Diversity at immune loci such as the Major Histocompatibility Region (MHC) is often used as a proxy for determining potential immunological health of a population and the chance that a given population will be able to adapt to the emergence of novel pathogens or disease threats. However, efforts to characterise sequence diversity at these loci have been hampered by a need for prior sequence data. Furthermore, despite efforts to generate genomic sequence data for a wide variety of vertebrate species (e.g. the G10K and B10K efforts), highly complex regions such as the MHC and immunoglobulin loci remain difficult to assemble.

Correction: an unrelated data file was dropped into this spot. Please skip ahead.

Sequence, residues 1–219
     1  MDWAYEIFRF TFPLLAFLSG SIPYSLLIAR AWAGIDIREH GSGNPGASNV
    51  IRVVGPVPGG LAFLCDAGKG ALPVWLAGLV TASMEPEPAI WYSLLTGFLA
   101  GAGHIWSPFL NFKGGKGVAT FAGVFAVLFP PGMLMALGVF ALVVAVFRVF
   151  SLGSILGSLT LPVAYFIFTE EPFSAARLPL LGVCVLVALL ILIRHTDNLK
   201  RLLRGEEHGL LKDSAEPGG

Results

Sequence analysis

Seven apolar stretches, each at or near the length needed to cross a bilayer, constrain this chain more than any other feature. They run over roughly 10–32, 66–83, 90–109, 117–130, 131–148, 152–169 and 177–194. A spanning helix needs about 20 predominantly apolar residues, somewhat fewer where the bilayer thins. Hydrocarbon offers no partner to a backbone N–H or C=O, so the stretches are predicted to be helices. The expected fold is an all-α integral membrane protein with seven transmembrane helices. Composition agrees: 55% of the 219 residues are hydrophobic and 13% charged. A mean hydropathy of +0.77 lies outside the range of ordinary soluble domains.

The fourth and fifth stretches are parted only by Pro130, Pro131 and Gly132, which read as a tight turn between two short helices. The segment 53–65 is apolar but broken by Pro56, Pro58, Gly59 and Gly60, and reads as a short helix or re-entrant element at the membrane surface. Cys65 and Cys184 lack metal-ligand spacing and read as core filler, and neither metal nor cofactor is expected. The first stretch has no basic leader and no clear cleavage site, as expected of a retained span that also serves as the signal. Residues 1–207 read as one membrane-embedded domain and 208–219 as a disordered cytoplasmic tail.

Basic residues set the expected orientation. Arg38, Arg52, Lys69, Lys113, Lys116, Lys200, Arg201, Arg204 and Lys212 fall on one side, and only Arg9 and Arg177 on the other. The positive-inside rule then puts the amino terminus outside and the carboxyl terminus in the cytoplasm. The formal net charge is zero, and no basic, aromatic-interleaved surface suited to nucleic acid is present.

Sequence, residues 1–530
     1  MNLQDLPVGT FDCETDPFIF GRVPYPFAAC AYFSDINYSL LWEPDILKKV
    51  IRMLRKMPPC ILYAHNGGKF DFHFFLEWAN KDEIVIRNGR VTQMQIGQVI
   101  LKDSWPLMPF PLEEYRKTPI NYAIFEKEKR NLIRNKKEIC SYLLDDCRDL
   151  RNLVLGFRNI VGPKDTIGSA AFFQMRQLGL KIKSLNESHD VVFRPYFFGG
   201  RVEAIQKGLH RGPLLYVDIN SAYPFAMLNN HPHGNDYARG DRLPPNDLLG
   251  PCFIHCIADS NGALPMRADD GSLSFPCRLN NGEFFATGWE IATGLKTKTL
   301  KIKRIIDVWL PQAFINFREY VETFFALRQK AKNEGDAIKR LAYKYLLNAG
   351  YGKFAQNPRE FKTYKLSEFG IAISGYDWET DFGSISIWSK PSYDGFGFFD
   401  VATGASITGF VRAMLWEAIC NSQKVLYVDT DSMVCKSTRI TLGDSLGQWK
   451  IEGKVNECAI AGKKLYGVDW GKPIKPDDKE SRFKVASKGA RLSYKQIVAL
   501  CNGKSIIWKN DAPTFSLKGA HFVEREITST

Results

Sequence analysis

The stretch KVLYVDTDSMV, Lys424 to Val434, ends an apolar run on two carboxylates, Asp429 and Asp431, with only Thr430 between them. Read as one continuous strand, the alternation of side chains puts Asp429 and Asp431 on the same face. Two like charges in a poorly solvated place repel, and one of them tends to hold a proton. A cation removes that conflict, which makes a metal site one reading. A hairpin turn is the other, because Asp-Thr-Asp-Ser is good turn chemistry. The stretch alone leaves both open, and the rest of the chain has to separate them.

We are combining targeted sequence capture arrays with a combination of long and short read sequencing approaches to improve contiguity over these genomic regions for existing genomes and extending the use of these technologies to characterise the MHC of species without a reference genome. Here we will discuss the use of sequence capture arrays for conservation immunogenetics, and their potential for use in cross-species immunogenetic studies. We will present pilot studies for determination of MHC haplotypes in the well characterised domestic pig model, and discuss the application to endangered mustelids.